Tech giant valuation crashes opening new candidate pools
Whether or not we’re heading towards a global recession, there is no doubt that fears of such an event are causing a tidal wave of layoff activity in the technology sector. In fact, in the last six months we’ve seen some of the world’s biggest and most influential companies struggle in the light of high inflation, rising interest rates, and ongoing fears surrounding the Russian and Ukranian war.
But it’s not just the underdogs or SMEs that are being hit hard by recent events. 2022 has seen some of the world’s biggest and most successful companies take a battering on the stock market. The end of 2021 saw investors start to turn away from the technology sector, and the first half of 2022 has shown us all how big an impact that has had.
Selligence has taken a look at some of the tech giants to see how they’ve been coping over the last few months:
Once the most valuable publicly traded company, being the first to hit a market valuation of $3 trillion, Apple has seen its share value crash this year by 20% from $182 in January 2022, despite reporting an all-time revenue record. With something of a pullback in Apple stock, the company’s year-to-date figures are still looking reasonably healthy and its stock most recently received a consensus ‘moderate buy’.
Making history for all the wrong reasons, in February of this year Meta’s valuation plummeted by more than most public companies are even worth, almost $232 billion in one day of trading. Making history, it was the US stock market’s biggest ever one-day drop in value. Although no layoffs have been formally announced, managers have been instructed to “move to exit” their poor performers. Meta have also announced that they are expecting to reduce their engineering team by 30% by the end of the year.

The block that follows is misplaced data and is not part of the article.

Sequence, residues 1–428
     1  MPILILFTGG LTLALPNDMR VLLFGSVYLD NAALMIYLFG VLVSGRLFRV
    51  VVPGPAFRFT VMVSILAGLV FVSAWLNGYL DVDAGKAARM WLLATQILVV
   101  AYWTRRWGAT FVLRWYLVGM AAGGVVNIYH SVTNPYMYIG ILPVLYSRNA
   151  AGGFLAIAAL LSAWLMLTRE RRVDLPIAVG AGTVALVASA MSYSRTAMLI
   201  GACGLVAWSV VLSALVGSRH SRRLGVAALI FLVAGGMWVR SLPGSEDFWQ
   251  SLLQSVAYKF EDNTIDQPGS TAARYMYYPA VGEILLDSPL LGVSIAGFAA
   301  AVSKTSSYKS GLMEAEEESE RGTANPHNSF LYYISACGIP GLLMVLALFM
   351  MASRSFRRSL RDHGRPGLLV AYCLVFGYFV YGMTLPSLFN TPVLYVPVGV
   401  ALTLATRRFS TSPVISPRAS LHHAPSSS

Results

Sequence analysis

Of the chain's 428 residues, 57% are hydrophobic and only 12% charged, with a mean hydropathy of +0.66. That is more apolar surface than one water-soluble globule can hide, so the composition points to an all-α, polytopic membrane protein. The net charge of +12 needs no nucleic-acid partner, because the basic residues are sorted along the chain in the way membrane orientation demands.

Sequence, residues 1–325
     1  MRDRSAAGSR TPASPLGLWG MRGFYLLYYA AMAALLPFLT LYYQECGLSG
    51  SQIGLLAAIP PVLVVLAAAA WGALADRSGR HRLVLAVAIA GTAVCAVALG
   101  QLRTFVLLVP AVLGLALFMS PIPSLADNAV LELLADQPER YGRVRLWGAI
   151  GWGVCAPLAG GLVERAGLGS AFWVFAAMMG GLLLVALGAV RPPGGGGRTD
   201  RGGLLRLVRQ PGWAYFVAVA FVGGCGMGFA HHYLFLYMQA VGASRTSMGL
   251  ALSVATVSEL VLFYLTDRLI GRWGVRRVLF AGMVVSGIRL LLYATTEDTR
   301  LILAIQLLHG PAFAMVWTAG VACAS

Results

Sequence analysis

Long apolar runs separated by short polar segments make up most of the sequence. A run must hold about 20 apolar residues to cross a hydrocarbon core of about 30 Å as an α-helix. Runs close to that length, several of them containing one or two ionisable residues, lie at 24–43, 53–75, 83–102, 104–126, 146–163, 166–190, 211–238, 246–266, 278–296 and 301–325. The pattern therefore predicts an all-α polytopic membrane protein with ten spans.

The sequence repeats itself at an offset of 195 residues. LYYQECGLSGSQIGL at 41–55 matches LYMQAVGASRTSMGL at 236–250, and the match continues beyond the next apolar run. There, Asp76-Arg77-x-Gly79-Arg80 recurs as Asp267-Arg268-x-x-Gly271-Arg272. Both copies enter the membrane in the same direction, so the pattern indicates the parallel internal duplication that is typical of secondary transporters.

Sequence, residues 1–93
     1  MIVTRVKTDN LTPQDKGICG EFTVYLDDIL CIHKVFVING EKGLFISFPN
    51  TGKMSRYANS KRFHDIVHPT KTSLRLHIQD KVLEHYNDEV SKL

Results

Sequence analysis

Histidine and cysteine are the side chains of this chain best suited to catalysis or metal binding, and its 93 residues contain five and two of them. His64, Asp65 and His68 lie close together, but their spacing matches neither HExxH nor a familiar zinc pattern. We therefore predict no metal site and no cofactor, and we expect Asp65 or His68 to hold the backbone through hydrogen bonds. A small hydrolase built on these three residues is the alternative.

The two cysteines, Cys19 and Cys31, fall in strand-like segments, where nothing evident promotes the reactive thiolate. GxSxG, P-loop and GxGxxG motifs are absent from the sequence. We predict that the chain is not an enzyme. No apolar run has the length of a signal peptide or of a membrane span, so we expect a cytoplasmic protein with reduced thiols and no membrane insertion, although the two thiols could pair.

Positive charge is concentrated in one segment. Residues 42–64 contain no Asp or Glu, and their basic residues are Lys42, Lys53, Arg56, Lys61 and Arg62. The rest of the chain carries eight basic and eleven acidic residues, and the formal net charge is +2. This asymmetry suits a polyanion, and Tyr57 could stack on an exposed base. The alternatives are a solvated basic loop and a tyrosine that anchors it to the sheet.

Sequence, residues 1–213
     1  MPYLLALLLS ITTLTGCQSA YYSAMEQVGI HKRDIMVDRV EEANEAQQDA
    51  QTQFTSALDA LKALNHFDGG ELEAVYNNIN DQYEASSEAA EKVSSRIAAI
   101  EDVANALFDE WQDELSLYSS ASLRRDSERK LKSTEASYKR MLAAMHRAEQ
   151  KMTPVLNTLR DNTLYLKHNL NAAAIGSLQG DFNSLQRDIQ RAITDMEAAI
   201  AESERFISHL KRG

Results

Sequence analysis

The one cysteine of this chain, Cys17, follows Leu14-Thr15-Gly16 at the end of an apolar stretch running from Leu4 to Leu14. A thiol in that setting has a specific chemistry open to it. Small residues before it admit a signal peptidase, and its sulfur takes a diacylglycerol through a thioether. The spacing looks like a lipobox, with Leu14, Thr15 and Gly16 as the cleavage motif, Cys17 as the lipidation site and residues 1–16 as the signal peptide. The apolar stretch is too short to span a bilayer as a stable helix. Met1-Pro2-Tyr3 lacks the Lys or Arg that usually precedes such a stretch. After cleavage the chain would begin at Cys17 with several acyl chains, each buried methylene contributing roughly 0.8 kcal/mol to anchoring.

Yet another giant suffering through turbulent times. Microsoft stock has lost approximately 26% year to date. At its current price of $244 per share, it is also trading 32% below its value of $360 per share. Microsoft have also recently announce their ‘realignment’, in which a limited number of roles have been cut (less than 1% of their 180,000+ headcount), in an attempt to help improve forecasting and quarterly figures.
Having been in the headlines for laying off hundreds of its employees, and closing down its San Mateo office, it may surprise you that Tesla’s gross profit margins are better than its industry peers. Market value dropped substantially early in 2022 (wiping out $100 billion of market value in one day), Tesla stock has made a modest come back. Analysts are looking hopeful for Tesla though, so it could be back on the road to recovery soon.
While stock prices rocketed in 2020 and 2021 with the surge of e-commerce in the light of the pandemic, Amazon has still felt the crush from a wider market sell-off with over $150 billion wiped out in value. Having announced a stock split, Amazon shares saw an immediate increase of 17%. While a split doesn’t actually affect a valuation, it has bought Amazon investors a bit of breathing space. Looking to defy the job cuts pattern, Amazon have just announced plans to invest in retaining, developing, and growing their headcount, supporting roles in their engineering team, central offices, and in their new fulfilment centres set to open in Wakefield and Knowsley.